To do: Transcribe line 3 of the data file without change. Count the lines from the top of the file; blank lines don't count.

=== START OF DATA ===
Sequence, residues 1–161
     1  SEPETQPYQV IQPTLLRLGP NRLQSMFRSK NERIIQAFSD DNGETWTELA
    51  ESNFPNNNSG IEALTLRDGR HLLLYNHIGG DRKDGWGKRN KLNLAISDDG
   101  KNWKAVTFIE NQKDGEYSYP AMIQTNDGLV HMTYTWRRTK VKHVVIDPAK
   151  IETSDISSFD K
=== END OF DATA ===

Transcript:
    51  ESNFPNNNSG IEALTLRDGR HLLLYNHIGG DRKDGWGKRN KLNLAISDDG